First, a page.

In January, Misty Brandon's 24-year-old son sold his furniture and his truck and moved from San Antonio to Colorado with one goal in mind: To join the military in June.
That's because in June, the U.S. Department of Defense was going to officially let openly transgender people enroll in the military.
"He had a plan, he was determined," Brandon said about her trans son, who asked the Current
to remain unnamed. "He had been lost for a while and was looking for direction. I thought, 'maybe this is it!'"
His good friend offered him a place to stay for free, since he was using most of his savings to get prepared to enlist — like getting his tattoos removed from his fingers and having Lasik surgery.
But when June came, the open door promised to trans service members under the Obama Administration was abruptly slammed shut by new Defense Secretary James Mattis. Or, at least Mattis said
, it would be closed for six more months while the new administration ironed things out. But President Donald Trump only waited a month before tweeting
that the military would not allow trans individuals to serve "in any capacity," and by August 25, it was made official in a presidential memo
Last week, the Pentagon released interim guidance
to military leaders, banning anyone who's being treated for "gender dysphoria" (the DOD's patronizing code word for "transgender") from the military and trans health-related care would only be covered for soldiers who are already receiving it. The official guidance will come in February 2018.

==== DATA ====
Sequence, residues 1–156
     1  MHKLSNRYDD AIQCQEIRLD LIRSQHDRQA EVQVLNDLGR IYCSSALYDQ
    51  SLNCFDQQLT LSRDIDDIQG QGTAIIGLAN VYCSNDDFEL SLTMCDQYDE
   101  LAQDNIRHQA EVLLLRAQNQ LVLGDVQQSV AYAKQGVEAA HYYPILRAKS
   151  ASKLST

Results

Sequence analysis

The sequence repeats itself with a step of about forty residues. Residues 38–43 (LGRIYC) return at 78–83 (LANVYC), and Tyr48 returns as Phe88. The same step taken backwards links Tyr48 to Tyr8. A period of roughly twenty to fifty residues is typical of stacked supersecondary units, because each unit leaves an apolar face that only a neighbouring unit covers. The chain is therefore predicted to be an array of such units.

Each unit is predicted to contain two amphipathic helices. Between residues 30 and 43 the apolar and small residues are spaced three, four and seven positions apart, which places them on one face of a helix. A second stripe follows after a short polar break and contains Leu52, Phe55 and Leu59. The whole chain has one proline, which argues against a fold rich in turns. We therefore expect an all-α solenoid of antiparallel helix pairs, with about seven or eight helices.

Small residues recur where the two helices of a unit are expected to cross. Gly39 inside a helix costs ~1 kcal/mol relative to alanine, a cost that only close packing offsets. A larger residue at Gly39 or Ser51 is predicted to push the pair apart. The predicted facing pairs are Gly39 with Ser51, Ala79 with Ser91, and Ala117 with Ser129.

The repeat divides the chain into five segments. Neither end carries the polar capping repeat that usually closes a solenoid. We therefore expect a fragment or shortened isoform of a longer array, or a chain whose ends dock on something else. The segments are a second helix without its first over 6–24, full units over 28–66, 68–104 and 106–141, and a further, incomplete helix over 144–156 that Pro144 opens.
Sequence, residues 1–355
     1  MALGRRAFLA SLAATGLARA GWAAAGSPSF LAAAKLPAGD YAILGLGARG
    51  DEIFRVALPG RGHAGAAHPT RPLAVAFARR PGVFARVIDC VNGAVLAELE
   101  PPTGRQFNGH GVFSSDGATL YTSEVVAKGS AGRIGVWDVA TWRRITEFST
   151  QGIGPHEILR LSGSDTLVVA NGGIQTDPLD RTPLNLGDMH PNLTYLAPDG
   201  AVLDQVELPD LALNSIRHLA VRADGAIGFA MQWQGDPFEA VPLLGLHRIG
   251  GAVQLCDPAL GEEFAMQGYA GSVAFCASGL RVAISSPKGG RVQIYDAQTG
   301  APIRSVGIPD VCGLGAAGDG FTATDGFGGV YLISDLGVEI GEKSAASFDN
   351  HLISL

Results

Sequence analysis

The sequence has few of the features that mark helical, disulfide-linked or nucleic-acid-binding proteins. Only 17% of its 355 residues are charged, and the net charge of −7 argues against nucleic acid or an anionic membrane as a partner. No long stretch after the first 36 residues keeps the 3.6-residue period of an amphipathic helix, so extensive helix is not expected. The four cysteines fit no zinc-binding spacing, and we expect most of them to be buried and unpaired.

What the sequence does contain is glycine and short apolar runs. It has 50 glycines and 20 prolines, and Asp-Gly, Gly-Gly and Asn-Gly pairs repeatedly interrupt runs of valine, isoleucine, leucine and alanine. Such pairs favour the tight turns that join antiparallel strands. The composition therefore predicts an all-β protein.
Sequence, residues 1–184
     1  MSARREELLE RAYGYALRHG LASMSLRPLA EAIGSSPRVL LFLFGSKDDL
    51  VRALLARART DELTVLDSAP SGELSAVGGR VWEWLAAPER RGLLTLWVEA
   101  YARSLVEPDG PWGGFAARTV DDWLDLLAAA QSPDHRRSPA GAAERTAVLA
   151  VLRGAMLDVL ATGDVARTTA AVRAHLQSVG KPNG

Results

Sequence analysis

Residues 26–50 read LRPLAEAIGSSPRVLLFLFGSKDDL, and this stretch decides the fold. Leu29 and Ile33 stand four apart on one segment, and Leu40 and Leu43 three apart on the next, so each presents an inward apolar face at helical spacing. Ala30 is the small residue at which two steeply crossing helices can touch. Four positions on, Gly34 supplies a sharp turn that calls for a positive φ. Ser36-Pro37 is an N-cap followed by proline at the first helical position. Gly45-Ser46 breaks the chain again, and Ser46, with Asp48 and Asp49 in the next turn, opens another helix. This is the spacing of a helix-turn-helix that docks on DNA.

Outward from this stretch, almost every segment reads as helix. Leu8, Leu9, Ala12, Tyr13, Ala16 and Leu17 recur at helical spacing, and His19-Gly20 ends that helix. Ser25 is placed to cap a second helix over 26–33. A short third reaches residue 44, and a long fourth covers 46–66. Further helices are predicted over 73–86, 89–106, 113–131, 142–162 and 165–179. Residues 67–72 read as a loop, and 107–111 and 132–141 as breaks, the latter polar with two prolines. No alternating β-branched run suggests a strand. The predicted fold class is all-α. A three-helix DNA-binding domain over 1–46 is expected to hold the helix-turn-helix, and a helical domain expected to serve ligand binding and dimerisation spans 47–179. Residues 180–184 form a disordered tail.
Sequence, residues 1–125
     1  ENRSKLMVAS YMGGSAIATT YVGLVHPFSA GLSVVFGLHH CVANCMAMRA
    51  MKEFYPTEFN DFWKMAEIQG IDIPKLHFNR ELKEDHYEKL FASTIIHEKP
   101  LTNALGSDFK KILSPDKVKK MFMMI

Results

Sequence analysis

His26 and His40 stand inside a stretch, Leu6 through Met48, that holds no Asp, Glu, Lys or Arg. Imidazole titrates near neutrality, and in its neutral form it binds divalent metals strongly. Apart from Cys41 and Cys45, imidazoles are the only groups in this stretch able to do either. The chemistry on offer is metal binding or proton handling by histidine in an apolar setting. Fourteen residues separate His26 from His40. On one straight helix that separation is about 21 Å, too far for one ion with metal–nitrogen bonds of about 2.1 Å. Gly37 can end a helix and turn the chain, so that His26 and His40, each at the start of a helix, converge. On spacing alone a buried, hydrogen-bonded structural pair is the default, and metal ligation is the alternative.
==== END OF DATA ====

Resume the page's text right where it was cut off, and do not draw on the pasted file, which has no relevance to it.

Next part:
Suddenly, the goal Brandon's son had been working so hard toward had evaporated.
"He was really, really angry," Brandon said. "He did all of this hard work and preparation just to be turned away." Having spent all his funds on enrollment prep, her son is now stuck in Colorado trying to make enough money to return to San Antonio.
He, along with dozens of other trans Americans who are eager to join the military, doesn't know what's next.
Staff Sergeant Jamie Hash has been hearing a lot of these stories. Hash, a trans woman and Air Force analyst at San Antonio's Randolph Air Force Base, volunteers with San Antonio's Thrive Youth Center and the Human Rights Campaign. It's not uncommon for other trans people in a town dubbed "Military City, USA" to want to enlist in the armed forces as soon as they can.
Staff Sgt. Jamie Hash at an Air Force promotion ceremony.
"Whenever I encounter a transgender person expressing interest to join the military, it is difficult to explain to them that even though I am transgender and currently serving, they do not meet medical standards required to join the military," Hash told the Current
in an email. "My biggest concern is for the future of my fellow transgender brothers and sisters in arms ... the looming uncertainty for what the near future holds is still vexing."
It's especially difficult when she herself doesn't know what her future holds — and doesn't want her gender identity to get in the way of her job.
"My leadership continues to foster an environment of inclusion, dignity, and respect," wrote Hash, who first told the Current
about her supportive military unit in July. "Even though they still check up on me to ensure that I am maintaining a balanced physical, emotional, spiritual, and mental lifestyle, there is still a greater mission to be accomplished."
It's the mission Brandon's son hoped to be a part of. After he left for Colorado, Brandon was digging through some artwork her son had made when he was a kid. She was surprised by how many drawings she found of military men.
"Knowing he was going to be accepted in the military was so important," she said. "It gave him courage."